Preventing Atherosclerosis Is All About Going With The Flow
In a study appearing online on December 8 in advance of print publication in the January 2006 issue of the Journal of Clinical Investigation, Guillermo Garcia-Carde?a and colleagues from Harvard Medical School show that this resistance is based in part on the induction of the transcription factor KLF2 by distinct blood flow patterns in these regions.
Previous studies have shown that blood flow-induced shear stress on the vessel wall is transduced into a biochemical signal that can cause changes in the vessel wall that may protect against or make a vessel prone to atherosclerosis.
Garcia-Carde?a et al. show that the transcription factor KLF2 (Kruppel-like factor 2) is selectively induced in endothelial cells lining the vessel wall by arterial blood flow patterns that mimic the hemodynamic environment in the atheroprotected regions of the human carotid artery.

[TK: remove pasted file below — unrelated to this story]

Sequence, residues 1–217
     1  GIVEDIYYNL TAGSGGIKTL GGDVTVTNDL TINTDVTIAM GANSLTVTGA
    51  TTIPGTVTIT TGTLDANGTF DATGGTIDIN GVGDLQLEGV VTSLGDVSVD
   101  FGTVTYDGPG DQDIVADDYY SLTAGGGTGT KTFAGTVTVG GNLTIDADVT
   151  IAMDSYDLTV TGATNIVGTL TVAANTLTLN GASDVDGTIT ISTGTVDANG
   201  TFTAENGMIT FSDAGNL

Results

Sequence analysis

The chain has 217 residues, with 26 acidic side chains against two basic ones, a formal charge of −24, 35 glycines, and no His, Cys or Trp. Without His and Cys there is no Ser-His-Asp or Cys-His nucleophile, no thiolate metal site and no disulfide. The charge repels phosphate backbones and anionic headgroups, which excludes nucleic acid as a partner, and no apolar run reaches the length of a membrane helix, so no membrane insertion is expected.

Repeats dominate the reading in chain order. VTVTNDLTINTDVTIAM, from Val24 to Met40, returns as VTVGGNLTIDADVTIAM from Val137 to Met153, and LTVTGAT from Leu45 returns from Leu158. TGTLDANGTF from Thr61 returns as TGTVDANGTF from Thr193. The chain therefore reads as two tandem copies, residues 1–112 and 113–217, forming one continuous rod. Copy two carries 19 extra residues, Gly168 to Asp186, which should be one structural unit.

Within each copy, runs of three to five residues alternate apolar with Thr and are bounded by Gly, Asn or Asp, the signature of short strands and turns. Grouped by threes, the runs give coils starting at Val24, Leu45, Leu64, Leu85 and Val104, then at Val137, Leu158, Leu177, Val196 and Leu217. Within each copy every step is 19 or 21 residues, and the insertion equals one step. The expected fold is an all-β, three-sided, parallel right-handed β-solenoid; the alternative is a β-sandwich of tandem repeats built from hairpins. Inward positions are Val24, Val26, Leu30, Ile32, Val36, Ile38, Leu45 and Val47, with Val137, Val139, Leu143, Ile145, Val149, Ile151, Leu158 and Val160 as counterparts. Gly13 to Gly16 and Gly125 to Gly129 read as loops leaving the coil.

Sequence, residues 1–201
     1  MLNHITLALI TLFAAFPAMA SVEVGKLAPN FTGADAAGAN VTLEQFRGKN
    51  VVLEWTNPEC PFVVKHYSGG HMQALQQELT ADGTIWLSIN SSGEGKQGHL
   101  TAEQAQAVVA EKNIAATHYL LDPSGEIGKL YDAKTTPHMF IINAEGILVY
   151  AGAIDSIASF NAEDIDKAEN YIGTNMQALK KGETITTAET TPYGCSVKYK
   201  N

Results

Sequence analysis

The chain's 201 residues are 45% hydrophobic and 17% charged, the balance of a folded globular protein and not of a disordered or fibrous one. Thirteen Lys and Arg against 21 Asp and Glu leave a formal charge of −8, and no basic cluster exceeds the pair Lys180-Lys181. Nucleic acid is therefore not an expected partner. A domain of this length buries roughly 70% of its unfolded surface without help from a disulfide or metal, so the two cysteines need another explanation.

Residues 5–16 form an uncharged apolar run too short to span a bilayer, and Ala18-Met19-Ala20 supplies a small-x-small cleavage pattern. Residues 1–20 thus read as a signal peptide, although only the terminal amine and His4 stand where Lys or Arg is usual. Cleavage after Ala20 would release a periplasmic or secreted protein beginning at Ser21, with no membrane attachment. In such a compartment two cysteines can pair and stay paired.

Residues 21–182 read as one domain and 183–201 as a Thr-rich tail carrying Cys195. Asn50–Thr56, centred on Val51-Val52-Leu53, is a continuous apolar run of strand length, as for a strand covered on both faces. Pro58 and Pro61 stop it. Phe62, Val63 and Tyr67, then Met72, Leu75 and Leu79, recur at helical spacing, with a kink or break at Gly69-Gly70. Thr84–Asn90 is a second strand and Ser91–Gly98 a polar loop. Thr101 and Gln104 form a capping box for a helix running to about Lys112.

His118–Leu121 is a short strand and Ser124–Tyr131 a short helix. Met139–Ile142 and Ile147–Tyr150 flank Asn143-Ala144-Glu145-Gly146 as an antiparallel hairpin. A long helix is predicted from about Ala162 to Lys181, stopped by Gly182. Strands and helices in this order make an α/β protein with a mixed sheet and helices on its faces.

This flow-mediated increase in KLF2 expression occurs via a MEK5/ERK5/MEF2 signaling pathway. Increased KLF2 activity helps regulate inflammation, clot formation, and new vessel growth.
These data suggest that KLF2 acts as a mechanically-activated transcription factor that is important for integrating multiple functions of cells of the vessel wall in regions of the blood vessel network that are relatively resistant to the development of atherosclerosis.
TITLE: Integration of flow-dependent endothelial phenotypes by Kruppel-like factor 2
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Journal of Clinical Investigation - Dec 8th
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